Broken or split pattern sleepers are another unusual but not necessarily uncommon group. We tend to think of these patients as shift workers, which is certainly the case, but there are also other sub-types. I saw a patient last week who fit into the above category in terms of distressing factors limiting her use to only 2 to 3 hours in a night. She was motivated to use her device, but was discouraged about the prospects of meeting her insurance-based compliance criteria. It turned out she was napping every day for at least two hours, so we explained to her the option of putting on the mask for another two hours during the day so her total daily hours would rise above 4 hours in every 24-hour cycle. With this knowledge, the realized she could easily become compliant and keep her device even if for the present she could never sleep more than 2 to 3 hours with PAP at any given time.
Shift workers suffer their own external difficulties in terms of finding a reasonable environment in which to sleep during the daytime while at the same time blocking off diurnal interval in order to avoid social and related lifestyle responsibilities. The environment itself might prove the easiest in terms of blocking out noise and light, because there are sufficient technological solutions to each of these problems, albeit the shift worker needs to appreciate how valuable such steps will be in promoting a deeper quality of sleep. When I was younger, lived alone and worked in emergency medicine, it was extremely useful to tape black plastic bags across my windows and use earplugs, and I was pleasantly surprised I could gain anywhere from 5 to 7 consecutive hours of sleep from about 10 am to 3 to 5 pm. The trick however was finding a way to drive home safely, because the level of sleepiness at 8 am was extraordinarily high and potentially dangerous. Finally, I was fortunate to rent a nearby, dark basement apartment to use during my annual one month of night shifts.
The larger burden for shift workers is to commit to a system for one long sleep period during the day or rigorously adopt a daytime split schedule, such as sleeping after the shift from 9 to noon, then after some level of activity, committing to return to sleep at 5 pm for another 3 hours of slumber. Then, upon awakening at 8 pm, determine how to manage time and tasks before heading back to work.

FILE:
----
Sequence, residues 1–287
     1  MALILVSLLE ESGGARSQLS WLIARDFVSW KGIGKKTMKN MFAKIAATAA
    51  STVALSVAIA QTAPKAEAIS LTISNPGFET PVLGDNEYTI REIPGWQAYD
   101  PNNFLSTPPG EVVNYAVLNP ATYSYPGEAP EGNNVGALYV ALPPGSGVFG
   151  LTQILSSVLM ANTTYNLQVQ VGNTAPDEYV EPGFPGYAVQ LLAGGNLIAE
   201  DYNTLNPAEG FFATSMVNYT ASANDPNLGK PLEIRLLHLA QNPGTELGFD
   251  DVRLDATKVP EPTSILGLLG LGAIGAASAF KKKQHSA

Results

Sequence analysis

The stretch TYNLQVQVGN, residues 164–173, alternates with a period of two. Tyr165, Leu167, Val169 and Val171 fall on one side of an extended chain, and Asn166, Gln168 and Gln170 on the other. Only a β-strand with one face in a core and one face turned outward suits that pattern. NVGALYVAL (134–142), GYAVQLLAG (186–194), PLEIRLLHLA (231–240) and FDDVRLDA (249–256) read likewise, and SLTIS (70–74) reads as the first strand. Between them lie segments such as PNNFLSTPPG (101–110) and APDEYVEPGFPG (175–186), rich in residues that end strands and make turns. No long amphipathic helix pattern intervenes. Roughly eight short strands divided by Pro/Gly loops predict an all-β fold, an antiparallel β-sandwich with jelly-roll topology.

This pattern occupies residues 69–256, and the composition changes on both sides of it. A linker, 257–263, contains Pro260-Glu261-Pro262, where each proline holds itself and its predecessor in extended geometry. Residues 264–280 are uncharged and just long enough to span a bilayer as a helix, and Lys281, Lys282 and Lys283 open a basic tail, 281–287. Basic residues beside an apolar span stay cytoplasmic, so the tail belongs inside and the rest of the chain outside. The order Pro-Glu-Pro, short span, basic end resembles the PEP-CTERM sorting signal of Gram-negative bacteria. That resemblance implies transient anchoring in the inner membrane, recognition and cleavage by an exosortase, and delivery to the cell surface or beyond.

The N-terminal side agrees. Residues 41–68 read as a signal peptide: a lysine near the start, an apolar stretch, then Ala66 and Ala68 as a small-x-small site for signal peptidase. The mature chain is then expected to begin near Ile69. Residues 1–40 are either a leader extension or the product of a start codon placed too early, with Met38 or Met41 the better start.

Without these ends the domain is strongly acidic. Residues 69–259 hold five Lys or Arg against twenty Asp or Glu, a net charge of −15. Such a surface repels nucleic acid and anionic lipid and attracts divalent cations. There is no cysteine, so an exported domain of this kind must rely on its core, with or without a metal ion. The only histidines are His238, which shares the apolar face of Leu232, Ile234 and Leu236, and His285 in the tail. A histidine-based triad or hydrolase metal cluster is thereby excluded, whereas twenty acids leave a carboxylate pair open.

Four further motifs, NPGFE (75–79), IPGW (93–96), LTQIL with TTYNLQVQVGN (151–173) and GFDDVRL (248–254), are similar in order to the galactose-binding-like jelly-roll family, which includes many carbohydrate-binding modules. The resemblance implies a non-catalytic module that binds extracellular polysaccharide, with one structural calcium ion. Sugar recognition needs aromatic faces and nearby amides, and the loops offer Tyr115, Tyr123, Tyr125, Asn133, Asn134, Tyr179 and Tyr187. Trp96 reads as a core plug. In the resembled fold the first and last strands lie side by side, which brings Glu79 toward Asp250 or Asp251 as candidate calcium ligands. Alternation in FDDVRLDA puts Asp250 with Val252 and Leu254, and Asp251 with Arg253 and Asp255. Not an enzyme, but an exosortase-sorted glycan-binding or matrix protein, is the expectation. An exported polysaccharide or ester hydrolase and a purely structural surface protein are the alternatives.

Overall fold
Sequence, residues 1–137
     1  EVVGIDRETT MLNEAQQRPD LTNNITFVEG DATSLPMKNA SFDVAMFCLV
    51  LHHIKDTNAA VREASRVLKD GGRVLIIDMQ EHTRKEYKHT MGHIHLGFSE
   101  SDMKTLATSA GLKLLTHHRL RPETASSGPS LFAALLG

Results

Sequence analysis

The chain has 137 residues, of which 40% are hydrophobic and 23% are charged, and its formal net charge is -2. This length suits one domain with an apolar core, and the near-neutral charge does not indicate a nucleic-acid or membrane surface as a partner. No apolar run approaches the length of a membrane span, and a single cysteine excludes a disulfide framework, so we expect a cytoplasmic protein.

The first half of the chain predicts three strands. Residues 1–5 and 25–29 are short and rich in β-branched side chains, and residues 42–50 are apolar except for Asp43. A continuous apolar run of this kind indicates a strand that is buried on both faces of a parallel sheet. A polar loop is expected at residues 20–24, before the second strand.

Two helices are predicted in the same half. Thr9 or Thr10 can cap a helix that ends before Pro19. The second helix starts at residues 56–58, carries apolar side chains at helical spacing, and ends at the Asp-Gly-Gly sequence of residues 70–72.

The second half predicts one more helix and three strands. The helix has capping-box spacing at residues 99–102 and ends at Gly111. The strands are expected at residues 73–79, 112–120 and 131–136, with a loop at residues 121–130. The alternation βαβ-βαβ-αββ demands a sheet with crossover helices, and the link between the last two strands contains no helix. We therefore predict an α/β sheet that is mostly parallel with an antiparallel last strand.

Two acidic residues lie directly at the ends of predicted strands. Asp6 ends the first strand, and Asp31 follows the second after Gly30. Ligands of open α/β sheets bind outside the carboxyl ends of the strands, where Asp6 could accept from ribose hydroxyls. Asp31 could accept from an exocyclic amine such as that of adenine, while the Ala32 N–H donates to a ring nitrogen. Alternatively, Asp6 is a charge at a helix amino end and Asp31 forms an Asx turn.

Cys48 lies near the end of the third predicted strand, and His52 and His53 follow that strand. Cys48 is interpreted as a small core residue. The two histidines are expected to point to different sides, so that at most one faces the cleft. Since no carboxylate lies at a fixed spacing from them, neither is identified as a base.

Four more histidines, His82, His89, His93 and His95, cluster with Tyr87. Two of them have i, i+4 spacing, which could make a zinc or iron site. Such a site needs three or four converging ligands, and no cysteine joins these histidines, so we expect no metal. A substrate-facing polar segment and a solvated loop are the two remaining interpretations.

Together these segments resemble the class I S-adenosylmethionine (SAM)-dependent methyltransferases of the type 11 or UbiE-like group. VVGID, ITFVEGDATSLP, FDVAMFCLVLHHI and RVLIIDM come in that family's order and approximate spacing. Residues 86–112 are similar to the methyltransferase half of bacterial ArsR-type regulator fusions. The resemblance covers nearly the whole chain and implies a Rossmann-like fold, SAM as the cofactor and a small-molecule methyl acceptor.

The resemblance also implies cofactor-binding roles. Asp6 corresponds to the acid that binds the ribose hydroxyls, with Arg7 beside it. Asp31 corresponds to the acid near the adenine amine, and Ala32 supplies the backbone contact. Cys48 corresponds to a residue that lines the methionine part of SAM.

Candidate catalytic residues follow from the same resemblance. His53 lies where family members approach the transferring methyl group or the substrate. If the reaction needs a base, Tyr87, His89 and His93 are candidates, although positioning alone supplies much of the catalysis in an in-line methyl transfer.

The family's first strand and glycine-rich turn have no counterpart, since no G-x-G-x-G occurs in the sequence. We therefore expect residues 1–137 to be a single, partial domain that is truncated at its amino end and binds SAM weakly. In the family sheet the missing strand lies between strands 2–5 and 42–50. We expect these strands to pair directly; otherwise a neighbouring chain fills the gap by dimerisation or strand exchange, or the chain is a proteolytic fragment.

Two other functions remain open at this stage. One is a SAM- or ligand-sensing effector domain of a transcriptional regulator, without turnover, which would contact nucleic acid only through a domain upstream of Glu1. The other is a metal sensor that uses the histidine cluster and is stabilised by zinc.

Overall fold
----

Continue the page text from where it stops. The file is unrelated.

Unfortunately, many shift workers prefer to burn the candle at both ends. They drink sufficient amounts of caffeinated beverages to stay awake through the morning, complete a short sleep period in the afternoon, and then continue the caffeine through the evening and the night shift. These individuals often use PAP therapy below or barely at compliance levels of 4 hours and will frequently declare they never need more than 4 hours of sleep with or without PAP. Candidly, these patients almost never revise their schedules in line with more reasonable judgments about their biological need for sleep until a crisis emerges. The most common occurrence would be an accident driving or in the workplace, which clearly is attributable to poor judgments or decision-making from chronic sleep deprivation. Another common crisis is a mental breakdown of sorts that manifests as emotional outbursts or greater reliance on substances including increased cigarette smoking for waking stimulation or alcohol consumption to promote sleep. The other and usually worse variant is the use of prescription or illicit stimulants while awake and prescription or illicit sleeping pills for the sleep period.
The majority of shift workers do not act in this irresponsible manner, but many shift workers go through periods where they cannot adjust their schedules in healthy ways and therefore simply presume they need to take care of business whenever they find themselves awake. Theoretically, such a perspective might start out as a very healthy way to avoid the negative conditioning that arises when someone tries to force sleep when not sleepy. One good piece of news for these individuals is at least the quality of their sleep is better when they use PAP therapy. The downside is many shift workers are sleep deprived and would benefit greatly from using PAP closer to the 6 to 8 hour range in every 24 hour cycle. Precise monitoring of the sleep cycle with data downloads will spur some patients to aim for more hours, but it is not unusual for the process to take months or years before the objective data shows marked increases in total sleep hours.